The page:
Nationalism view of Johann G Giuseppe M and Ernest R. Nineteenth-century Europe was swept by the rise of nationalism
Nineteenth-century Europe was swept by the rise of nationalism. Arguably, like no other ideology of the time, nationalism inspired both reforms and revolutions, redrawing the borders of existing European states, and creating new nation-states with a force that was both unifying and divisive. For this writing assignment, I am asking you to read excerpts from the works of three authors – the German philosopher Johann Gottlieb Fichte (originally published in 1808, the included source is from the 1922 publication), the Italian revolutionary Giuseppe Mazzini (1898), and the French philosopher and scholar Ernest Renan (1882) – who wrestle with the still relevant question “What is a nation?”
Your task is to write a cohesive essay that compares these authors’ views on nationalism.
In the immense field of scholarly work regarding defining nationhood, a raging debate exists between the conservative view of the nation and the constructivist view. A clear and definitive change in the conception of the ‘realness’ of the nation can be seen throughout the historiographical study of nationalism.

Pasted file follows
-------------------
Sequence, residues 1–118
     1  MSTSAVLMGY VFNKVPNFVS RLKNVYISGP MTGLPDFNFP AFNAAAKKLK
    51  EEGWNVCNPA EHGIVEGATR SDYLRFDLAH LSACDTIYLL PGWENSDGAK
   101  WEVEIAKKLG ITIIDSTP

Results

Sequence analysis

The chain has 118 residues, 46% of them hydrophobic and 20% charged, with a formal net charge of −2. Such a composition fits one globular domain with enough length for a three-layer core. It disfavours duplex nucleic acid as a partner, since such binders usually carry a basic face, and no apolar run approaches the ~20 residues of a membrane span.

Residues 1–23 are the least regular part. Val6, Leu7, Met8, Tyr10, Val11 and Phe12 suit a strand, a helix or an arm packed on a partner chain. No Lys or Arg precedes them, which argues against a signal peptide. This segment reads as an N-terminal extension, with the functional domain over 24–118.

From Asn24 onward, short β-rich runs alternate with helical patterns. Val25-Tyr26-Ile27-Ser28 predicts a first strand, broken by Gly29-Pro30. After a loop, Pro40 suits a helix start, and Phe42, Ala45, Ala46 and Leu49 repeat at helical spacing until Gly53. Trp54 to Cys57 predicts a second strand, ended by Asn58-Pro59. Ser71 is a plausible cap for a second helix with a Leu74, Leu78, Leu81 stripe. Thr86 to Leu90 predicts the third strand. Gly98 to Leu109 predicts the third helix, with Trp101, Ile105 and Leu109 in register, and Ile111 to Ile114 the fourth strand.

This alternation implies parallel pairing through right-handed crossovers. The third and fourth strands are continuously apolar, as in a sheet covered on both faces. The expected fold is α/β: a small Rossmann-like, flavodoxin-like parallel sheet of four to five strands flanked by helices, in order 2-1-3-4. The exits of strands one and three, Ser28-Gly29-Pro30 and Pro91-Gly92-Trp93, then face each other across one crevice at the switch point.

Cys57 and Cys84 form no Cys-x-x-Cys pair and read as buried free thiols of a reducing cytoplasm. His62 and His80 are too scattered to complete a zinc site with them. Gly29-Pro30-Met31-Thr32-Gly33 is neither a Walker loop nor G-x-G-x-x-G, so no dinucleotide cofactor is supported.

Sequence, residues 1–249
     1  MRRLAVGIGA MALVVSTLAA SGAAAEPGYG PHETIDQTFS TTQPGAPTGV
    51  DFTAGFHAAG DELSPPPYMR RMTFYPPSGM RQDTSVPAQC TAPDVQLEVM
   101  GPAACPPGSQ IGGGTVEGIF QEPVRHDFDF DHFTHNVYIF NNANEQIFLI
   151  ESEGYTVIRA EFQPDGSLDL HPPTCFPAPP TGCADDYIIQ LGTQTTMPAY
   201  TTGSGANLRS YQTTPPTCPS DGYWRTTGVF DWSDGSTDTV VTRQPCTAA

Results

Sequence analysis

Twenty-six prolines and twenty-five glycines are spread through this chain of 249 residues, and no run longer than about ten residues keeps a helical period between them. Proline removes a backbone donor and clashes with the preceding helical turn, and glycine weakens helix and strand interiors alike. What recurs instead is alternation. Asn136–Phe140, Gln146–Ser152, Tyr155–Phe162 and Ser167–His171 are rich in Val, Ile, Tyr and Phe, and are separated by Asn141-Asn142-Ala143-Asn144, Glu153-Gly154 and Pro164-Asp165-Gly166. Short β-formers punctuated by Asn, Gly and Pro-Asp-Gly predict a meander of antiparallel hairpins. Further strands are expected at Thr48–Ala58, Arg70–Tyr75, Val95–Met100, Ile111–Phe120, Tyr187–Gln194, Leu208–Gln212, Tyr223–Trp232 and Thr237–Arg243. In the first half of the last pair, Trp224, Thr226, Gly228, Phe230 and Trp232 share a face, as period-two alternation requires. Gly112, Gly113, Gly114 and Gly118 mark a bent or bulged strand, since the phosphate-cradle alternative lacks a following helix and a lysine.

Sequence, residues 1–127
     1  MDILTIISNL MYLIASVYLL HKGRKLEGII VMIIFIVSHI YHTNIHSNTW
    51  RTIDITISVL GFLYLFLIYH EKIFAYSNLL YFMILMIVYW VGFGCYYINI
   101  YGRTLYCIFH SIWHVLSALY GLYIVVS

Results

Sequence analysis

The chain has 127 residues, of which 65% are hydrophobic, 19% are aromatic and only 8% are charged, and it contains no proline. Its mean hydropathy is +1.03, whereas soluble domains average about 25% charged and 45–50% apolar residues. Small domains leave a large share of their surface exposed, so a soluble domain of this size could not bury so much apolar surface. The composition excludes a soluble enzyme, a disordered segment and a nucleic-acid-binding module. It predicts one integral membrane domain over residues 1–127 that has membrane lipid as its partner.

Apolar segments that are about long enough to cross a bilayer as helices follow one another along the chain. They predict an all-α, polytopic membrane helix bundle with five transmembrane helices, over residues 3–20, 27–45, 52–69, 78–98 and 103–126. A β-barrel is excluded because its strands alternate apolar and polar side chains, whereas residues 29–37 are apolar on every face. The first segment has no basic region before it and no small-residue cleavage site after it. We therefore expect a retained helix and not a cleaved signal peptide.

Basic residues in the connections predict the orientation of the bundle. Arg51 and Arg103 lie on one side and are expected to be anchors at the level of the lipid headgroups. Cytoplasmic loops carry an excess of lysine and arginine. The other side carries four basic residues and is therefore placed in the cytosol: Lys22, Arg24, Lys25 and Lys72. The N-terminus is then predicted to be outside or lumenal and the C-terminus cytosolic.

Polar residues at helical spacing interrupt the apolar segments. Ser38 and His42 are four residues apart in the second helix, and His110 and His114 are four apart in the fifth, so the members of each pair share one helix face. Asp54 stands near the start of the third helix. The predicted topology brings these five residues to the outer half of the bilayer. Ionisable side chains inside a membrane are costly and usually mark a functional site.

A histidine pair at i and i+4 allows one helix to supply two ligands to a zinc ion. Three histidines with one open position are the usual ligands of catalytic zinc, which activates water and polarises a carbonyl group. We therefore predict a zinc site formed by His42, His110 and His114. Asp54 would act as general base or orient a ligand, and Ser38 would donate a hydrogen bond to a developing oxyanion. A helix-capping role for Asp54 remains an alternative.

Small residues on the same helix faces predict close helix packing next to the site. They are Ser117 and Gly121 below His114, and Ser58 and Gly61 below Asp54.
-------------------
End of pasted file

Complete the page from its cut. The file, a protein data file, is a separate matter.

The conception of the nation has shifted dramatically, from the proto-jingoist conservatism of the ‘primordial nation’ of Johann Gottlieb Fichte and Johann Gottfried Herder and the German nationalist school of thought they represent to the constructivist ‘imagined community’ of Benedict Anderson and the ‘congruence principle’ of Ernest Gellner to the militant anti-nationalism of Thongchai Winichakul’s notion of the artificed ‘geo-body’ and the Marxist ‘bottom-up’ nation of Eric Hobsbawm.
This essay will attempt to explain the underlying philosophies that exist within the post-primordial and anti-essentialist school of liberal thought and chart the contributions made to the constructivist perception of the nation by focusing on Anderson, Gellner, Winichakul, and Hobsbawm as well as provide appropriate historical background to place these views of the nation in social and intellectual context.
Benedict Anderson, one of the foremost proponents of the constructivist view of nationalism, defines the nation as a fabrication, a bond between people that did not actually exist prior to its own recognition. He states that, “It is an imagined community – and imagined as both inherently limited and sovereign”1. Anderson believes that the nation is imagined because members of this nation don’t know most of their compatriots but still have a communal image; it is built based on recognition of commonality, not the commonality itself.